Last year I read almost all (19!) of O’Brian’s acclaimed Aubrey/Maturin cycle of novels. Blue at the Mizzen is the last, other than an unfinished 21st novel, of these stories of 1800’s naval life and spy intrigue. The book is lighter on action, which was a little disappointing (as a big knock-down finale would have served the series well). Given that the author didn’t intend this to be the final novel, or to die before continuing the series, this is fairly excusable. Jack Aubrey finally gets his admiralship, Steven Maturin ties of up some loose ends of a multi-novel story arc of South American revolution, and the lives of the characters generally are left on an uplifting note. It continued to be a blend of Jane Austin-esque romance, Joseph Conrad-esque spy intrigue, and straight-up naval battles.

It Can’t Happen Here – Sinclair Lewis
Yes, I read this along with half the other horrified people in the country this year. Lewis’ story of the growth and eventual downfall of an American fascist government is chilling in the minutia, but fairly heavy-handed in the broader narrative. If we weren’t so busy dealing with a real Buzz Windrip of our own, this book may have been more enjoyable. As it is, it felt more like a redundant reminder than a forewarning. At some point Lewis abandons all subtly and realism in his depiction of the regime’s excesses, which takes away from the underlying strength of the message and devolves into something less relatable and more comical. Real evil is in the conglomeration of minor betrayals.

The Great Leader – Jim Harrison
Harrison is an immensely talented author, but in a very bifurcated way. His more austere, epic works (Legends of the Fall, The River Swimmer, etc) seem almost the work of a different writer than his grittier, excess-of-human-nature stories. The Great Leader is the story of a down-and-out, past his prime detective struggling with banal minutia of divorce, retirement, and drinking/other vices. He cannot let a case go after retirement (the ur-motif of countless police thrillers), and the novel recounts his dogged but wayward pursuit of a cult leader. Everyone in the novel is a collection of human failures, colliding unavoidably in a morass of collected human failure. It’s a tribute to Harrison that what could have been a formulaic thriller instead is elevated by his understated literary prowess. Foremost is his skill at undressing the pretense and romanticism of human experience to lay bare our base natures in a way that creates fully fleshed, imminently fallible characters.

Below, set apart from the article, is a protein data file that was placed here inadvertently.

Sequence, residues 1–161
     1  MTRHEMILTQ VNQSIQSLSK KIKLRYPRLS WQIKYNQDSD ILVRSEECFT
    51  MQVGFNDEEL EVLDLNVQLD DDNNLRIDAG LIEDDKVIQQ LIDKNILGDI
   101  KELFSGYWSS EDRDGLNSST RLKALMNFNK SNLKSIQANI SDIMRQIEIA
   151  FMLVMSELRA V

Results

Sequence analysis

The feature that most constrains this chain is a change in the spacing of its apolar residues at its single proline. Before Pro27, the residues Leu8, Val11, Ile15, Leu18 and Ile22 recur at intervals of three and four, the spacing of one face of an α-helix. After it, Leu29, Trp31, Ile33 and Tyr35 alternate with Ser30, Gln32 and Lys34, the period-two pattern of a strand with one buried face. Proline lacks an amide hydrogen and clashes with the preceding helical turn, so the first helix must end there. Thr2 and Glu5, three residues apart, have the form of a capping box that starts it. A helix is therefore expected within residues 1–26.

Gilead – Marilynne Robinson
I really wanted to like Gilead’s exploration of the clash between harsh realities of segregation, failure, and family ties with quiet theological reflection of a small town minister. But the telling of the stories through the minister’s staid and reserved tone is like making a copy of a vibrant painting with muted watercolors. Robinson’s world is full of intriguing characters, from a radical abolitionist preacher to ne’er do well prodigal sons, but the filtering of their stories through the human equivalent of Nyquil makes their realities unnecessarily gentle. I’m sure there are some deeper reflections on gentleness and submission in faith in the face of the horrors of the world, but the latter never feels fully fleshed, and the former dominates the conversation.

Damned/Doomed – Chuck Pahluniak
The first two books of this unfinished trilogy about the adventures of a deceased teenage girl in a capricious hellscape afterlife left me completely unconcerned as to whether there will ever be a concluding chapter. Pahluniak abandons all subtlty and craft and just piles on poorly written excess after excess. Even his usual dark humor and satire is completely fumbling and unformed. The first novel was passable, but disappointing. The retconning second novel was so poorly executed it managed to retroactively damage the first.  Even the cover art on Doomed seems like they got an intern to sketch something in pencil right before publication.  

The Handmaid’s Tale – Margaret Atwood
Ok, so yes, this was another “book to accompany the devolution of the American Democracy” read. That being said, Atwood’s story surprised me with its subtlty and the chilling effect of its small touches. This is not the over-the-top insanity of Lewis’ It Can’t Happen Here, it’s a novel of claustrophobic horrors and intimate betrayals, slowly revealed. Atwood’s account of a post-apocalyptic future in which fertile women are enslaved to the wealthy as brood mares is equally a commentary on fascism as it is a feminist exploration of control. It could have done either and be satisfying, and could have simply been a sci fi pulp piece and been a good enough premise to be worthwhile. Its strength is not in having a wild premise, but in crafting a world very like our own, just shifted in jarring ways that create a dissonance rather than a shock. What really drew me in was not just the wealth of undertones the story hints at, but Atwood’s skill at revealing the horrors and injustice with a surgeon’s scalpel rather than a blunt mallet. I’ve only ever read her “The Year of the Flood”, which was not entirely enjoyable,  so I had no expectations for Handmaid. I enjoyed the story, but also her style on this novel. As with other works I really liked this year, it felt like it took a moderate premise and elevated it to literature-grade storytelling. Even if the storyline hadn’t been so poignant to the current war on women’s health, this is a strong piece on its own merits.